In 2016, students who were a part of Duke Students and Workers in Solidarity (DSWS) took over the Allen Building after The Chronicle published articles about Executive Vice President Tallman Trask III hitting a black parking attendant and complaints of racial discrimination in the Parking and Transportation Services department. They issued a list of seven demands.

During the Fall semester before the Allen Building occupation, another group of students released "Demands of Black Voices" after a Black Lives Matter poster was vandalized with a racial slur. Those students issued multiple demands under 10 categories.

The biggest similarity across these four sets of student demands is the focus on wages for workers. From $1.60 in 1968 to $15 in 2018, students throughout Duke history have advocated for better wages for workers. What sets apart the latest set of demands is the emphasis on implementing the $15 per hour wage for a broader group of workers, including undergraduate and graduate workers.

In August 2017, Price announced that the University would be increasing its minimum wage to $15 by 2019 but only for employees and contract workers.

Junior Sydney Roberts, an organizer in the latest protest and in the Allen Building occupation, said demanding better wages is a specific, "material ask" with direct benefits to workers. Although demands to fix systemic issues are important, she said, they also take more time.

"I assume it will be a part of labor at Duke—of wanting something that's material, more immediate than other things, easy to articulate and distribute information on," said Roberts, who is also co-chair of The Chronicle's independent Editorial Board.

The theme of transparency also shows up in the demands of students over the past few years. In 2015, "Black Voices" wanted transparency in the hiring process of professors and the work of the Task Force on Bias and Hate. In 2016, DSWS sought transparency in a review of Duke’s employment standards for sub-contracted workers and the hiring process of administrators. 

Specifically this iteration of demands asks for open Board of Trustees meetings, which have been closed for a decade. Roberts said that students who advocate for issues get frustrated in general by the lack of transparency.

What's completely different

There are a few demands that have not previously appeared in any form of recent student demands, such as eliminating "medically unnecessary surgery on intersex infants in Duke Health System" or "banning the box," a hiring practice that requires applicants to disclose their criminal-legal histories when applying for jobs. Roberts said that these demands were included because they were harder to advocate for individually and harder to build coalitions around.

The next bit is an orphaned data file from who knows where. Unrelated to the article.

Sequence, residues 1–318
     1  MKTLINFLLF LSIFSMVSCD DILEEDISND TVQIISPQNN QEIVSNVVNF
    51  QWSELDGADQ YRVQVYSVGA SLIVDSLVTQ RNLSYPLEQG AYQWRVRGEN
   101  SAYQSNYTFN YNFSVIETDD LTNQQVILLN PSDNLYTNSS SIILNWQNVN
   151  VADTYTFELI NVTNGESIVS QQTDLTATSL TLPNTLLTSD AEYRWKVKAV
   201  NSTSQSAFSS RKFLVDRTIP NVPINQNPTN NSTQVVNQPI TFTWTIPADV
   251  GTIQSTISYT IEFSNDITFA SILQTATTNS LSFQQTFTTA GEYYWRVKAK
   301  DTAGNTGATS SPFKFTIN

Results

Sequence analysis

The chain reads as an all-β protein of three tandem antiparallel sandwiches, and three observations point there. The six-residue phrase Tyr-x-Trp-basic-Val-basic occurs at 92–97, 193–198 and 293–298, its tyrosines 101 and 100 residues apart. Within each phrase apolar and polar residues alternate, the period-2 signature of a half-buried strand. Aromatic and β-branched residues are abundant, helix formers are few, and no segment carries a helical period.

"'It's hard to take up these single issues as a group," she noted. "Like how do you organize around ban the box if the people it affects the most are people who are applying to work at Duke? There just isn't a body that's able to take that on, and that's probably partially why it's just not as actively talked about among students like wages would be."

In the past, demands were issued in reaction to an event on campus or nationally, Roberts added. This time, however, there isn't a specific event that caused the protest.

"People's State of the University was very much organized around a vision of what could happen if we put all our energy and all of our bodies and all of our listservs together into one larger umbrella organization and addressed separate issues that we were all concerned about rather than it being reactive to an example of harm on campus," she said.

Roberts also noted that the demands were really fleshed out because many of the protest organizers have been working on those issues for their entire time at Duke. She highlighted the point about a standardized set of consequences for hate and bias incidents as an example, saying that only people who have knowledge of hate and bias issues understand that there isn't a standardized set of consequences for those incidents across the University.

Likhitha Butchireddygari

Follow Likhitha on Twitter

Class of 2019

Editor-in-chief 2017-18, 

Local and national news department head 2016-17

Born in Hyderabad, India, Likhitha Butchireddygari moved to Baltimore at a young age. She is pursuing a Program II major entitled "Digital Democracy and Data" about the future of the American democracy.